Managing Gastroparesis

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Managing Gastroparesis

Poorly controlled diabetes can damage your stomach. It can interfere with eating and with digestion. Diabetic stomach worsens blood glucose control and causes a range of symptoms. This complication is called “gastroparesis” (pronounced gas-tro-pa-REESE-es).

What causes this complication? How can we prevent it and manage it?
Gastroparesis means “weak stomach.” The nerve that tells the stomach to contract and push food along has been damaged, so the stomach muscles don’t work properly. Food stays in the stomach instead of being passed along to the intestine.

This delayed emptying causes painful, unpleasant symptoms and leads to further complications. Studies show gastroparesis is related to a heightened risk of death, more complications, increased hospitalizations, and increased emergency department and doctor visits.

Gastroparesis symptoms include heartburn, nausea, vomiting of undigested food, an early feeling of fullness after meals, weight loss, lack of appetite, gastric reflux, and stomach pain.

Because food can stay in the stomach and start to ferment, patients can get terrible bad breath. Because of all these symptoms, gastroparesis can make it difficult or impossible to hold a job.

Sometimes undigested food forms solid masses called bezoars that may cause nausea, vomiting, and obstruction in the stomach.

Because food intake may be limited, and food may be poorly absorbed, people with gastroparesis are at risk for malnutrition and dehydration. They usually need to drastically change the way they eat — as if diabetes didn’t demand enough changes already — and take supplements.

Although diabetes is the number one cause of gastroparesis, many cases have no known cause. A study published in 2012 in the journal Clinical Gastroenterology and Hepatology found that up to 12% of people with diabetes have symptoms of gastroparesis. Many fewer are diagnosed with the condition, because gastroparesis can have symptoms similar to other conditions and diagnosis requires extensive medical testing. Other studies report higher numbers.

In diabetic gastroparesis, scientists think high glucose levels damage the vagus nerve, which stimulates the stomach and other organs. For some unknown reason, women are more likely than men to get gastroparesis. It is much more common in Type 1 diabetes than in Type 2.

Effect on glucose control
Gastroparesis makes it more difficult to manage blood glucose. When food has been delayed in the stomach and then finally enters the small intestine and is absorbed, blood glucose levels rise. It’s very hard to match your insulin to your food intake when you don’t know how long the food will take to absorb.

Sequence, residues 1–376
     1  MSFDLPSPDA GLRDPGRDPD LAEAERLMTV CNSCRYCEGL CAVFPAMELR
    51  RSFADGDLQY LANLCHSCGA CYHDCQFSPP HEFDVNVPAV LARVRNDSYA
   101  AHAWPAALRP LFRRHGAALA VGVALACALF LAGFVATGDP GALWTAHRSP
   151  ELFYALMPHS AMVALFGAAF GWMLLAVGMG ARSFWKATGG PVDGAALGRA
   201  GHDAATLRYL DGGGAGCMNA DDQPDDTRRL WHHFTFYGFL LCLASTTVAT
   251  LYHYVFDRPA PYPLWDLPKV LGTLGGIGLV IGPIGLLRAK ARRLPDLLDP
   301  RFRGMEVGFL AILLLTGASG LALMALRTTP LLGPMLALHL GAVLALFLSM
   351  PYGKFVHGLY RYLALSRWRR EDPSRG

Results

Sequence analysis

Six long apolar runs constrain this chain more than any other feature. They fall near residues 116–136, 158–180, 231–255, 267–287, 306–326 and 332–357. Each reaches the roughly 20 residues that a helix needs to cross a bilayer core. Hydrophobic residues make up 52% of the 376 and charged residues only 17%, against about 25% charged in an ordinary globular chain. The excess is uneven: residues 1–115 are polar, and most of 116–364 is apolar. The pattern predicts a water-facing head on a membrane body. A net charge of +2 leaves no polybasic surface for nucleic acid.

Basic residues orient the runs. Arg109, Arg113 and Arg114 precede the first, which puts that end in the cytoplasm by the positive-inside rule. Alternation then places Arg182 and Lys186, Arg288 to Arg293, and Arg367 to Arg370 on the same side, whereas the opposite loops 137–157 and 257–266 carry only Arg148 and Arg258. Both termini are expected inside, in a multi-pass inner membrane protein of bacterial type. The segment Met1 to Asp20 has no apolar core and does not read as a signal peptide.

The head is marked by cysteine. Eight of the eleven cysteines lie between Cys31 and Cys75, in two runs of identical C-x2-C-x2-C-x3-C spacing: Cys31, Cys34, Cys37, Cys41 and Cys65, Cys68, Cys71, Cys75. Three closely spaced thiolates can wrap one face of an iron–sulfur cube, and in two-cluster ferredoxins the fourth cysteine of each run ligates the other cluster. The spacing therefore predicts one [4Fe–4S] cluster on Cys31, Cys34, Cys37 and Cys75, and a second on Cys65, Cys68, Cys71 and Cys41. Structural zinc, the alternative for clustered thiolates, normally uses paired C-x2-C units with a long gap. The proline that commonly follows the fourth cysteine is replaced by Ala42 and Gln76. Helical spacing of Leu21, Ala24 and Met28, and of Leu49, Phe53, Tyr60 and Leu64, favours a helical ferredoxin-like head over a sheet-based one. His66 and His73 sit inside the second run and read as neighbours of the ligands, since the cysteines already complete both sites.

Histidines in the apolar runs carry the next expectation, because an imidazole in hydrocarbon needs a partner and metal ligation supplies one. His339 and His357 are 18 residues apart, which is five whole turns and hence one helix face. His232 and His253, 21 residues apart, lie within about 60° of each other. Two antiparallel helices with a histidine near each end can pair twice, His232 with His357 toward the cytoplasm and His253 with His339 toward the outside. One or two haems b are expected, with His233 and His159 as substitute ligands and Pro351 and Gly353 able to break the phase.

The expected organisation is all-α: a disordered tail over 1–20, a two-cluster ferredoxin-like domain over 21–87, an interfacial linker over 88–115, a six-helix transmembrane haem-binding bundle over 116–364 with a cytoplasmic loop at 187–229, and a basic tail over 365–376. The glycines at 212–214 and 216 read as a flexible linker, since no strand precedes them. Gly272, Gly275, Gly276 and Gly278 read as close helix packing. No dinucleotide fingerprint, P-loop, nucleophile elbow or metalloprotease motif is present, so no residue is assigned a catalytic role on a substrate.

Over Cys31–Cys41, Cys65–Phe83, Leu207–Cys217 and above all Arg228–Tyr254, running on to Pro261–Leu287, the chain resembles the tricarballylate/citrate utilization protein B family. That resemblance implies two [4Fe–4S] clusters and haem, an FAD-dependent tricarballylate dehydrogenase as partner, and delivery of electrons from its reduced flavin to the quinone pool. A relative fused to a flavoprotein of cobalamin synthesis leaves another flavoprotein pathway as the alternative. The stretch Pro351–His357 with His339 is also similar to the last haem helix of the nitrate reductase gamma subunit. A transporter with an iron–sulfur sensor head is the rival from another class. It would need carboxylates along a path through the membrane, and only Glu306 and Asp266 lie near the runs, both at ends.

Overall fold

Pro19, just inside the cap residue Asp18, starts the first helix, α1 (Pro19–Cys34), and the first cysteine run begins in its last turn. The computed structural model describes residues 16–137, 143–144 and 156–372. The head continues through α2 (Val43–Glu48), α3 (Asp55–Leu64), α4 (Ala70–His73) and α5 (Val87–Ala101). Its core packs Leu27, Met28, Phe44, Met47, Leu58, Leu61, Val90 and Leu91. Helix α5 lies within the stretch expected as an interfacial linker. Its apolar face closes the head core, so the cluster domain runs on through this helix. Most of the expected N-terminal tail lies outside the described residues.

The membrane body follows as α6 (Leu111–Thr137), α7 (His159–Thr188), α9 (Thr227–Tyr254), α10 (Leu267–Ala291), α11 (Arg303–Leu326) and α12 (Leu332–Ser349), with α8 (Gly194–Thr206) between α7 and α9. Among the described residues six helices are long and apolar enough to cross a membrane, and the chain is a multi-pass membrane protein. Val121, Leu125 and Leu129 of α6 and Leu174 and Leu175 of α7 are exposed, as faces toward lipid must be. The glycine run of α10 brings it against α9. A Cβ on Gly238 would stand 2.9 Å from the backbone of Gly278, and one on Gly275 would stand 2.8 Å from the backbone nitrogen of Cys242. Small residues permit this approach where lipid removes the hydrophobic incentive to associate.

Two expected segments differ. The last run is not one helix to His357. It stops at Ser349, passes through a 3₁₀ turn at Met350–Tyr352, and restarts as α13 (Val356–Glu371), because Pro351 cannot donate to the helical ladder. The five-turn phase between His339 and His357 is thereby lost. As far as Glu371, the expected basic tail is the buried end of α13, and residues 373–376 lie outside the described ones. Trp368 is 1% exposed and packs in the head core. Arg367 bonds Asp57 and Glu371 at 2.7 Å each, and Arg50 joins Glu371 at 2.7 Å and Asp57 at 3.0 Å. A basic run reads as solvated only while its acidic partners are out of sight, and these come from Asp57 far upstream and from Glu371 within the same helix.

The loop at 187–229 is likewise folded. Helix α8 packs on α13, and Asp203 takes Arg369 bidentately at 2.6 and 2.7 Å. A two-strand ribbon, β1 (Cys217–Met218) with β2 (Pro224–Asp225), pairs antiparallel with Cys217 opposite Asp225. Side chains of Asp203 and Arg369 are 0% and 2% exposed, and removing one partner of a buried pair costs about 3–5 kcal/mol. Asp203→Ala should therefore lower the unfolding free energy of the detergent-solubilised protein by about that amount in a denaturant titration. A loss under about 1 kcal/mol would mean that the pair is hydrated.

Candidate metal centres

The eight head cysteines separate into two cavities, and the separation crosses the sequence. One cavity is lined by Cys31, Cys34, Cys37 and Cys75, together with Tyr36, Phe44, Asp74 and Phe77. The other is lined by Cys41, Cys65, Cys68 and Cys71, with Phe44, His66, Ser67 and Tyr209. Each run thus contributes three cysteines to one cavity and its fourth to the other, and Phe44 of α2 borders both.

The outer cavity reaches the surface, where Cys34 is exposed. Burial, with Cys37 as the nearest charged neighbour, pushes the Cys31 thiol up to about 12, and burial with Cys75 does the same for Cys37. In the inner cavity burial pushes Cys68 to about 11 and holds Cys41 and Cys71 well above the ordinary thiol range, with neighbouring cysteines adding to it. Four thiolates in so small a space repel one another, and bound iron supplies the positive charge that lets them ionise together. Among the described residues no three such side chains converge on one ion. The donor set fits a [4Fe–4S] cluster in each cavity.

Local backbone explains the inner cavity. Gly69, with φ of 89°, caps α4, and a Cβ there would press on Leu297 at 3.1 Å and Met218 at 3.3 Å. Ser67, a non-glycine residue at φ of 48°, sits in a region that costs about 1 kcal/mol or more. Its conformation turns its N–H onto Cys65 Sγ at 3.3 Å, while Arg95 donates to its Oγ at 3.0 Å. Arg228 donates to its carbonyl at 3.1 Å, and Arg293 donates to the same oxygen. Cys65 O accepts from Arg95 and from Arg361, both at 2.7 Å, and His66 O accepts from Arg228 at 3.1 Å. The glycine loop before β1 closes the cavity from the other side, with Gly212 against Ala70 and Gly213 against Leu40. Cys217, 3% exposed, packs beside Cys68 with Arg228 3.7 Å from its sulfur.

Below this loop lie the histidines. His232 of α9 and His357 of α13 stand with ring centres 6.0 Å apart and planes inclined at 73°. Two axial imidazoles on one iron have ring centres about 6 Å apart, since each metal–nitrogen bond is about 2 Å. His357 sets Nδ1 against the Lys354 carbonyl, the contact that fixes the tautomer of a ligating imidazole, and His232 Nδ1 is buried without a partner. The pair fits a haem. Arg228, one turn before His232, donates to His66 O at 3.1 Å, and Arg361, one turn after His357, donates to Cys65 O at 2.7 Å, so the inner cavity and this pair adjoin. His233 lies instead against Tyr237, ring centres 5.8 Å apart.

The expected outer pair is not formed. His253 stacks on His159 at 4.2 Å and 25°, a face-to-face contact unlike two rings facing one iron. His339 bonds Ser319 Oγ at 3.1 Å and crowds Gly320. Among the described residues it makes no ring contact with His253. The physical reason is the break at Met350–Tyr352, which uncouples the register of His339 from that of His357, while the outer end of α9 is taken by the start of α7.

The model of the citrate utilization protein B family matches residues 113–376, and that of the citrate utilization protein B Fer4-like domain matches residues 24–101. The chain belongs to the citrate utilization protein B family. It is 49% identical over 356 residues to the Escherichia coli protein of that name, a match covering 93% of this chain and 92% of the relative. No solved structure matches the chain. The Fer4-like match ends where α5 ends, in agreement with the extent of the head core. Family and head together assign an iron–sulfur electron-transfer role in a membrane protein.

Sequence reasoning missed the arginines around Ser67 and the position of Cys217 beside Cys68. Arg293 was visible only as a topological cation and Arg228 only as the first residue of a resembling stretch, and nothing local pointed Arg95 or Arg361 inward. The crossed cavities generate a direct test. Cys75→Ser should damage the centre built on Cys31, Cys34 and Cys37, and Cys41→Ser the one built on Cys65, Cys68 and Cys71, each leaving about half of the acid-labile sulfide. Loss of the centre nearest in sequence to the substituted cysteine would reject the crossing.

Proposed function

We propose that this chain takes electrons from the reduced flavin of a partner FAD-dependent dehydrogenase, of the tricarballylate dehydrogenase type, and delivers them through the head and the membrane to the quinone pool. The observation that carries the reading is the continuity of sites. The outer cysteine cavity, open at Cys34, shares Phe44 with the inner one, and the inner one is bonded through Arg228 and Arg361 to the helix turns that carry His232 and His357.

According to the National Institute of Diabetes and Digestive and Kidney Disease (NIDDK), if you take insulin, you might need to:

• take insulin more often or change the type of insulin you take
• take insulin after meals, instead of before
• check blood glucose levels frequently after eating and administer insulin when necessary

Medical treatments
There are treatments for gastroparesis, but no cure. Some people do get better, but it’s more common to have it for life. Sometimes it comes and goes.

Medications for the condition include metoclopramide (brand name Reglan) and erythromycin. The first can have a possibly irreversible neurologic side effect, so you will need to research and to ask your doctor about it. Erythromycin is an antibiotic and has few side effects.

Some doctors have tried injecting botulism toxin (Botox) into the pyloric valve between the stomach and the small intestine. This keeps the valve open so food can exit the stomach more easily. The benefits of a Botox injection seem to last up to about six months, according to GPACT (Gastroparesis Patients Association for Cures and Treatments).

Gastric electrical stimulation is like a pacemaker for the stomach. It seems to reduce symptoms such as nausea and vomiting, but is “not a cure,” according to one manufacturer, Medtronic. You can see Medtronic’s information for consumers here.

If the stomach is too weak, it can be kept out of the system entirely by inserting a feeding tube directly into the small intestine. Then the person needs to live on special tube-feeding liquid until the stomach recovers, if it ever does. This is called a jejunostomy.

Self-managing gastroparesis
Self-care is mostly about eating in ways your stomach can handle, and lowering glucose levels. To help food move along, WebMD, the American Diabetes Association, and the NIDDK recommend:

• Eat less food at one time. For example, eating six or more small meals a day instead of three larger meals.

• Eat slowly, chew thoroughly.

• Pureed foods and liquid foods like Ensure will be much easier to get through the stomach. You can see some Diabetes Self-Management liquid food recipes here.

• In consultation with your health-care provider, take vitamins and minerals.

• Sit upright after eating, and/or take a walk after meals.

• Some people appear to do better if they eat less fat and less fiber, because fat and fiber slow digestion. This advice is against normal diabetes advice, but the slow stomach can change the rules of good eating

You can see a thorough description of how to eat in this University of Virginia page.

Another good resource on our site is this article by Kathryn Feigenbaum, RN, MSN, CDE.

There are also self-help books like Living (Well!) with Gastroparesis, which gets raves from customers that can be seen here.

I hope this helps. Gastroparesis is a nasty condition, but it can be managed and hopefully prevented with good glucose control and some of these self-care measures.

Here’s the truth: There’s no such thing as a “bad diabetic.” Bookmark and tune in tomorrow to read more.

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